That's a really interesting point (in a 'good' interesting not a 'I politely disagree with you' interesting) - if an award stimulates discussion of the art and industry of books then that is more of a success if it sells a lot of copies of the shortlist ... is something I wholly agree with, and in my weird funnel-vision, I think it fits in the categories of awareness and consideration. But has nothing to do with purchase (especially in the short-term). And I think those two Clarke years were successful in generating conversation about science fiction and gender and the industry (possibly less so when it came to generating conversation about the actual shortlisted books). But the Clarke is a really interesting one - I think the brand of the ACCA is so strongly connected to our identification of SF that conversations about the former become conversations about the latter. I don't see that with any other award (does anyone think the World Fantasy Award defines how we see fantasy? Nyah.) Your primary success measure is actually the process (the voting or judging) and the output (the shortlist and the winner) rather than outcome (discussion or sales) I kind of agree, but this begs the question 'why?' (and also 'for whom?'). It feels like a tree falling in the forest / no one hearing it sort of situation. If an award selects the perfect book but no one knows it, what's the point? I think my bias here is that I see awards as 'recommendation engines' (a term I'm way too fond of). We all have opinions, but awards have opinions that are supposed to change our behaviour. [That may be overselling it!]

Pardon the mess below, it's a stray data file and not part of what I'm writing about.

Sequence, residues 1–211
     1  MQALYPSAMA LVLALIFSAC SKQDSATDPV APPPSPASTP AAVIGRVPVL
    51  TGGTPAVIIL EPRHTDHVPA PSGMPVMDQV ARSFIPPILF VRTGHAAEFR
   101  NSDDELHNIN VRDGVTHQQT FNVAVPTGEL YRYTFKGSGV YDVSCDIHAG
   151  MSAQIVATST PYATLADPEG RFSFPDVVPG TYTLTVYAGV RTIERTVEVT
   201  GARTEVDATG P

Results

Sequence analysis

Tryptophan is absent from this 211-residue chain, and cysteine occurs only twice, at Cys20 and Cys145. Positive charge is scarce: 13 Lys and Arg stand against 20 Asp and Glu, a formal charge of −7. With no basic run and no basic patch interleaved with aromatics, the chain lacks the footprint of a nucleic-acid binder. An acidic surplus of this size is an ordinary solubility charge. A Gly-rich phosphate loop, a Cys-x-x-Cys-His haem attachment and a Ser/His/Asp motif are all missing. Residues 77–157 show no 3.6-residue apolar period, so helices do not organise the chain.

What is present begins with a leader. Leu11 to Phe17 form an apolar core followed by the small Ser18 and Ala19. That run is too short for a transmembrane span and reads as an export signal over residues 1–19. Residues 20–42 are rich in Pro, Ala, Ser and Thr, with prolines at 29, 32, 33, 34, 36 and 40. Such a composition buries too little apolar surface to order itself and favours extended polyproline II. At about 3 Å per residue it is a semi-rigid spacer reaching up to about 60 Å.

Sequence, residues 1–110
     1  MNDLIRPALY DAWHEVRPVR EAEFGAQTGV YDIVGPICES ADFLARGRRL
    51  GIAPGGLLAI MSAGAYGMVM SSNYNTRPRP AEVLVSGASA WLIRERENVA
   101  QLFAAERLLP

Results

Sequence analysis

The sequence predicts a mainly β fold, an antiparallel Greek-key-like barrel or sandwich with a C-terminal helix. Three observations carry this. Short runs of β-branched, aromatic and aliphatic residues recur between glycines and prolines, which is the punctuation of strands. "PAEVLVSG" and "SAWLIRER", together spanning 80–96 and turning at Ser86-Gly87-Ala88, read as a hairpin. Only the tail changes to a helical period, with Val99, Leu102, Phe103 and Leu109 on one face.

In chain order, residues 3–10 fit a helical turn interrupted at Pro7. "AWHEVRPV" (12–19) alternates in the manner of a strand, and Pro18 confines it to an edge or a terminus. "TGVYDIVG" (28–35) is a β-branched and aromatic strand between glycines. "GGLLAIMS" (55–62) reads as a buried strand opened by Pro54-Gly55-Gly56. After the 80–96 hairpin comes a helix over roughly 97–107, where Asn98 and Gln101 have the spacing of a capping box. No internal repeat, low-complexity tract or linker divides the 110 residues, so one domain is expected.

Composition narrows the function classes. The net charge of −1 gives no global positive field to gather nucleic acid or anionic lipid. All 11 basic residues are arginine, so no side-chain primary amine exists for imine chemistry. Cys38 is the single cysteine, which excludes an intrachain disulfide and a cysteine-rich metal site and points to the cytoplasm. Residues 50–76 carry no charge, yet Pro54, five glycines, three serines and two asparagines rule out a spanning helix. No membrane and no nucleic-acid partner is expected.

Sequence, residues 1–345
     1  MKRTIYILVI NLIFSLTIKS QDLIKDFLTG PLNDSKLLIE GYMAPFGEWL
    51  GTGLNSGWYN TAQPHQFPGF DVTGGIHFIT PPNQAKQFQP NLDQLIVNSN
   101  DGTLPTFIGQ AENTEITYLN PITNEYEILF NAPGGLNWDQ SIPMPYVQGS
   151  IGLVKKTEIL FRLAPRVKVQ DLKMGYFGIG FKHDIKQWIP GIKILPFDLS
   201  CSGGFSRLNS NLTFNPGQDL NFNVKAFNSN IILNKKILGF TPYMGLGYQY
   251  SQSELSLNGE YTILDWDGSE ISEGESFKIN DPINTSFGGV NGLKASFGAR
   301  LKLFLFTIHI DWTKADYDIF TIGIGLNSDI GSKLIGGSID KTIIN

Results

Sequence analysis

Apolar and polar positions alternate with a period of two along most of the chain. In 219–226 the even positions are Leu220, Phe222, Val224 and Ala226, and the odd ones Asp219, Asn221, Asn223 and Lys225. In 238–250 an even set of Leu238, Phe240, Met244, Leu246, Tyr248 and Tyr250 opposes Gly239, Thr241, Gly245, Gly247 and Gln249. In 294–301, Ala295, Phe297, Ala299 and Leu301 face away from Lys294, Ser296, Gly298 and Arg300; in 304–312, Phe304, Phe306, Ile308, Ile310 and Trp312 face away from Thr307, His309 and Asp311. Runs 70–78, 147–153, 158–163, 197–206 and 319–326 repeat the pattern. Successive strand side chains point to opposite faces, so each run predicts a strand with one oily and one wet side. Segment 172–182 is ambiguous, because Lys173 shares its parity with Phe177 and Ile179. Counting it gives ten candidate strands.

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Another look at awards. This particular blog post speaks about two things - what success looks like and how we can measure it. Continue reading
Posted Apr 2, 2014 at pornokitsch
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(Much) more on measuring success coming later this week, but I think sales are a tricky objective: both in terms of identifying results and in terms of decoupling the award's impact from stuff like price promotions. Certainly it happens (as you've shown), but I think judging an award's success in terms of 'direct sales caused' is tough to do. In both senses of the word.
Help us out with a guest post, willya? Continue reading
Posted Mar 27, 2014 at pornokitsch
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Katherine Rundell's Rooftoppers, Holly Smale's Geek Girl and Julie Berry's All the Truth That's In Me. Two Care Bears and a grizzly. Continue reading
Posted Mar 26, 2014 at pornokitsch
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Maggie Stiefvater's The Raven Boys, David Almond's Skellig, Warren Ellis' Endless Wartime, Katie Coyle's Vivian Versus the Apocalypse and Rachel Howzell Hall's upcoming The Land of Shadows. Continue reading
Posted Mar 24, 2014 at pornokitsch
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New (old) acquisitions. Including a rare Algernon Blackwood... Continue reading
Posted Mar 24, 2014 at pornokitsch
That's awesome! Thanks!